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Sam Smith's picture

Privacy International welcomes the absence of a Communications Data Bill in the Queen's Speech. The Communications Data bill was originally set to significantly expand the powers of communications surveillance in the UK and set another bad standard globally.  Because of the work by Parliamentarians, a concerted effort by civil society groups and some within industry, this expansion was avoided, for now.  However the Queen's Speech did include a mention of new proposals:

Blog
Sam Smith's picture

We very much welcome today's announcement by Health Secretary Jeremy Hunt that people will be allowed to opt out of having their medical records shared in the NHS England centralised information bank.

Blog
Sam Smith's picture

The current iteration of the UK's "Communications Data Bill" is now dead. 

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Anna Fielder's picture

Today, a coalition of civil rights groups, including Privacy International, launched a report and campaign website, http://nakedcitizens.eu, which calls on EU Members of Parliament (MEPs) to protect fundamental rights to privacy in a crucial vote next month. Concerned citizens and consumers are able to contact their MEPs directly via the website.

The story so far: early last year the European Commission published proposed revisions to the Union’s outdated legal framework on data protection. The proposals strengthen existing rights and attempt to ensure that legislation is more effectively enforced.  For the past year however, as previously reported on this blog, the proposals have been systematically eroded in their passage through the various committees of the European Parliament.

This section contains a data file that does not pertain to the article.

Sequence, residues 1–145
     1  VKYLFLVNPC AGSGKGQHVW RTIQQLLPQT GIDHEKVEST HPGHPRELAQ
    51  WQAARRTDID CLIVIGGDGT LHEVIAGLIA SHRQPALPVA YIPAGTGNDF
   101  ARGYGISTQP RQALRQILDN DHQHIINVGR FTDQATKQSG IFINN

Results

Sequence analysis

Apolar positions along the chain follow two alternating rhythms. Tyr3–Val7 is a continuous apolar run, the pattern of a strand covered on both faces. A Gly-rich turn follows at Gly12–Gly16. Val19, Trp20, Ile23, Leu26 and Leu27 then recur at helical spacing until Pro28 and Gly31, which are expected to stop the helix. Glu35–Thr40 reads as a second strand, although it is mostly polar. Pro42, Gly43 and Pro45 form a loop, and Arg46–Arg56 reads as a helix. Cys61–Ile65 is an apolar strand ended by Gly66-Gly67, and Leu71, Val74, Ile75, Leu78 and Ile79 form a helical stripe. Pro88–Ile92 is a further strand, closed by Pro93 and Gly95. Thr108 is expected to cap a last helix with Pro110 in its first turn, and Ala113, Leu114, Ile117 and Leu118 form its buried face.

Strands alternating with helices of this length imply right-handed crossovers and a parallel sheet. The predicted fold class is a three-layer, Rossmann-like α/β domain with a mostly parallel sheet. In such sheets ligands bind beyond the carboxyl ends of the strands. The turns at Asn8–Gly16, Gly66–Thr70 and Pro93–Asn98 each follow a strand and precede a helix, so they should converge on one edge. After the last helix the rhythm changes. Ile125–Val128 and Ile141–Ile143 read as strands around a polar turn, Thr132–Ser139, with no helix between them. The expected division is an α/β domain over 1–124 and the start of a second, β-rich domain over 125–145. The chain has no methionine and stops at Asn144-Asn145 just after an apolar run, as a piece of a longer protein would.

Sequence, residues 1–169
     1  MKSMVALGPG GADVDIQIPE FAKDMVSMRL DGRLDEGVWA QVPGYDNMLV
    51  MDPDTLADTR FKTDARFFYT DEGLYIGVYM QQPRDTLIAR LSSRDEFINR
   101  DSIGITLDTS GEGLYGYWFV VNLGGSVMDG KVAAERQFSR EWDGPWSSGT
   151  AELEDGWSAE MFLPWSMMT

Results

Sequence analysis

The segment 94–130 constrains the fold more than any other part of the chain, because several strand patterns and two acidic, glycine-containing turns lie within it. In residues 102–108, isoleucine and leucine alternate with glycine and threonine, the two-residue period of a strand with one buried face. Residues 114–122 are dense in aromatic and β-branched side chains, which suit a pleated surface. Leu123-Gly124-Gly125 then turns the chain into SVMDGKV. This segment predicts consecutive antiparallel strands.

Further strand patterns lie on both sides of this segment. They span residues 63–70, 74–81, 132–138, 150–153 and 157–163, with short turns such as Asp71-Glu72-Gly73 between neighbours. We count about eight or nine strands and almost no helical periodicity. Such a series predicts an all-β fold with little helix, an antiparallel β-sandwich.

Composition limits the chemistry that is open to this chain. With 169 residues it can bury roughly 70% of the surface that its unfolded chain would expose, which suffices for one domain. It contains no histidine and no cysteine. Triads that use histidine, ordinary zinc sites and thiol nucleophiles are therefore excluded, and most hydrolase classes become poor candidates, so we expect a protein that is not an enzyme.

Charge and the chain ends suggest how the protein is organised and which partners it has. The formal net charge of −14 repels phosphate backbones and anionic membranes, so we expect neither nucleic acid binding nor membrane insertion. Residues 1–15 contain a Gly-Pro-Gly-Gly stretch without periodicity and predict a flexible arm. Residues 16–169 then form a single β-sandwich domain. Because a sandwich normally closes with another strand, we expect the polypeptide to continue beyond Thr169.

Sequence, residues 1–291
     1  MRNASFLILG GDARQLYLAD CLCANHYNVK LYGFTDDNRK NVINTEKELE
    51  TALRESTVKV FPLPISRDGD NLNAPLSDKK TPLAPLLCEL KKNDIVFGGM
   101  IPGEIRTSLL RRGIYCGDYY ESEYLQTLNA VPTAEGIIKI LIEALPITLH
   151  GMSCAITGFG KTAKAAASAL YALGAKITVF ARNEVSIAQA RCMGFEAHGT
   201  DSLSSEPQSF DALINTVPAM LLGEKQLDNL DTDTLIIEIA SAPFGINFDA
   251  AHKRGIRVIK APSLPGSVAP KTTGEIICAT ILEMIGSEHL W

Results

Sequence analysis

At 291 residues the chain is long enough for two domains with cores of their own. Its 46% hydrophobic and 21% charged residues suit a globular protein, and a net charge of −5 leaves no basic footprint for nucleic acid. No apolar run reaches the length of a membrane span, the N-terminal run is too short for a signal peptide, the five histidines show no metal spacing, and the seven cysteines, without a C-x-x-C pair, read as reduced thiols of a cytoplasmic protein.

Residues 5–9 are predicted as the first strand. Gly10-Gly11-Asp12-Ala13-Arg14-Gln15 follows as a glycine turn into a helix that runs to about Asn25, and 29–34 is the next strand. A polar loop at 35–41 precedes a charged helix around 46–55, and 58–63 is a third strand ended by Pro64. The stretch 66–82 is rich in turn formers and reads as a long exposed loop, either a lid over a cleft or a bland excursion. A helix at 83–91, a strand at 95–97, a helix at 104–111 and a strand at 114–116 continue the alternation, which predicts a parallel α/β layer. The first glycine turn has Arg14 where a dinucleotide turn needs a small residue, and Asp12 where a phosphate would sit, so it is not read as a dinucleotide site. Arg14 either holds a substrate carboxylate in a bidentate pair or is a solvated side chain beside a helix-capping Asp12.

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Alinda Vermeer's picture

After a successful investigation by the US government into the illegal reselling of over a million dollars worth of surveillance equipment to the Syrian regime, Dubai distribution company Computerlinks FZCO has agreed to pay the maximum civil penalty of $2.8 million.

Computerlinks, in three separate transactions between October 2010 and May 2011, sold $1.4 million worth of devices developed by California-based Blue Coat to the state-run Syrian Telecommunications Establishment, which controls the country's access to the Internet, according to the US Bureau of Industry and and Security, the US agency in charge of export controls. Computerlinks also provided support "to help the end user of the devices to monitor the web activities of individual internet users and prevent users from navigating around censorship controls". 

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Sam Smith's picture

Out of concern for the potential international ramifications of the Communications Data Bill, fifteen of Privacy International's partner activists and organisations have signed a joint letter urging the UK to consider the detrimental impact this law will have around the world.

The letter reads:

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Sam Smith's picture